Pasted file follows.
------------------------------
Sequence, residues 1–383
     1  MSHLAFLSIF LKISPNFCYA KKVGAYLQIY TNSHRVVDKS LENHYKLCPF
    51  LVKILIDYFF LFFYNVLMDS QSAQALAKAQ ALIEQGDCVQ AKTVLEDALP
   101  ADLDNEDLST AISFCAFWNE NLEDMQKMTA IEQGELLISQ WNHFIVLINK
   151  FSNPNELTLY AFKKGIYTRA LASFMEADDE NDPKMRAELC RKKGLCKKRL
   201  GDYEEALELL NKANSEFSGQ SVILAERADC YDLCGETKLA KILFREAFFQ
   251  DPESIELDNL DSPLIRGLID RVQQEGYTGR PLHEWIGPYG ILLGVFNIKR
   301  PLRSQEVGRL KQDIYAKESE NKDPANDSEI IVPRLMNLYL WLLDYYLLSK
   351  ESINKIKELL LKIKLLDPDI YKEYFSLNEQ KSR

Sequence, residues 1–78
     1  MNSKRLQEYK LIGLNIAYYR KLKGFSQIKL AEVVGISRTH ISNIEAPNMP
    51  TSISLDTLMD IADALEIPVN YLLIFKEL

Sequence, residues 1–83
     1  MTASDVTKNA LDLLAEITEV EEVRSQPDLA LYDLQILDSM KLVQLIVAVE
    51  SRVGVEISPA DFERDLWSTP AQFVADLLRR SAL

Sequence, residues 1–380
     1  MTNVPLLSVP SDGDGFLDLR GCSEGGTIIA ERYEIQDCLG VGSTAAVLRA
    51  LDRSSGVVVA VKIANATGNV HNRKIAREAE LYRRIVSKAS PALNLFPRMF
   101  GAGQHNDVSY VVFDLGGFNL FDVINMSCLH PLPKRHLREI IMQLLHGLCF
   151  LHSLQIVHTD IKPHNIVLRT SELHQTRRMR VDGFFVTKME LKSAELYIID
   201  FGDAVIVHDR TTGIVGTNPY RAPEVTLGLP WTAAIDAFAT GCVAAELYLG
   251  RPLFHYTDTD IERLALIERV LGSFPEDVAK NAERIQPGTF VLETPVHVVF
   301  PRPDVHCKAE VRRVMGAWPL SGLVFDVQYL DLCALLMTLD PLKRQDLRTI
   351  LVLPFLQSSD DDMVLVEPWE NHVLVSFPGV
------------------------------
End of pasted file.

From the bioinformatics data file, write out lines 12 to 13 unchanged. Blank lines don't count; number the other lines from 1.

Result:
    51  TSISLDTLMD IADALEIPVN YLLIFKEL

Sequence, residues 1–83